“We’re going to need to move into mobile sensing systems in order to really cover the ground and to look for and monitor emissions,” says Dr. Chris Hugenholtz, director and head researcher of SENST and an associate professor in the Department of Geography. Calgary-based CMC Research Institutes works with SENST, as well as several clients, to test new surface-based and airborne technologies – including a state-of-the-art laser interferometer methane sensor – at the CMC Containment and Monitoring Institute’s field research station southeast of Calgary.

Cost of taking action is “incredibly cheap”

Meanwhile, a study published in Environmental Science and Technology by Carleton University researchers Drs. Matthew Johnson and David Tyner suggests the 45% target may not be ambitious enough, given the cost efficiency of deploying existing technologies to reduce only the oil and gas industry’s methane emissions reported to the energy regulator. (Reported emissions comprise about one-quarter of the industry’s total methane emissions, but don’t include unreported sources such as equipment leaks and fugitive emissions). The researchers’ techno-economic analysis of mitigation potential at nearly 10,000 individual oilfield sites in Alberta determined that the net cost to industry averages less than $2.50 per tonne of CO2 equivalent.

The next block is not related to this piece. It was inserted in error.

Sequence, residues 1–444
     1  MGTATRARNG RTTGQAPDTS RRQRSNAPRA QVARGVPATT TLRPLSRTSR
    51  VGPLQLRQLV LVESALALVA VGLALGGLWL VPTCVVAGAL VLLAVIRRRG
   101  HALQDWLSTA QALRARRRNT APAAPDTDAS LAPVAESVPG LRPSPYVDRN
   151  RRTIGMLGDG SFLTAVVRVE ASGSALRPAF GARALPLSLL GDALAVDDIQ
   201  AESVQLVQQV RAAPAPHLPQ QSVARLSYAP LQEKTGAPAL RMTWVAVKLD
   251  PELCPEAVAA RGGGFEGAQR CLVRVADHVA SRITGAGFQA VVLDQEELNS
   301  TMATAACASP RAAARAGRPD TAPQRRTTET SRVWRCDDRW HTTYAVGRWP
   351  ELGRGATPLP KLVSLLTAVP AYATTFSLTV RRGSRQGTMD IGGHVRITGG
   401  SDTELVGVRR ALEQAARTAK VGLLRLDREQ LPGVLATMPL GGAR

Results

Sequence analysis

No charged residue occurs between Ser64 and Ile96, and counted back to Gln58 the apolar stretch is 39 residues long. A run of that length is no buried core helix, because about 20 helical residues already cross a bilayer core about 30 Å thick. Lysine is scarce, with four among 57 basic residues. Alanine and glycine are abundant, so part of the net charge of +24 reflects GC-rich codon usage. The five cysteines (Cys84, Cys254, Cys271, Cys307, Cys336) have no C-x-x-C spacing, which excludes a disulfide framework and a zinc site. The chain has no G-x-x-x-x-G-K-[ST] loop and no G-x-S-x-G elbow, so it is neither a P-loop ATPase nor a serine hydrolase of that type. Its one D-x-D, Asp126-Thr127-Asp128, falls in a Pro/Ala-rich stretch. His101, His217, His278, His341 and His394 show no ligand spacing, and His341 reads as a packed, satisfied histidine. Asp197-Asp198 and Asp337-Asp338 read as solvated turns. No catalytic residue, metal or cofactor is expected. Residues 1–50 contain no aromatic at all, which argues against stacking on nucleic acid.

“Compared to federal and provincial carbon price targets of $30 to $50 per tonne, these actions are incredibly cheap,” says Johnson, a Canada Research Professor in Carleton’s Faculty of Engineering and Design and head of the Energy and Emissions Research Lab. The study found the up-front capital costs to industry ranged from $150 million to $500 million, but are largely offset by revenue from capture of saleable gas into pipelines, or by using the methane onsite during processing.

“What this analysis shows is that the infrastructure costs to mitigate these reported sources really should be thought of as an investment in the industry,” Johnson says. “It’s the best, cheapest, most effective mitigation opportunity we’ve got.”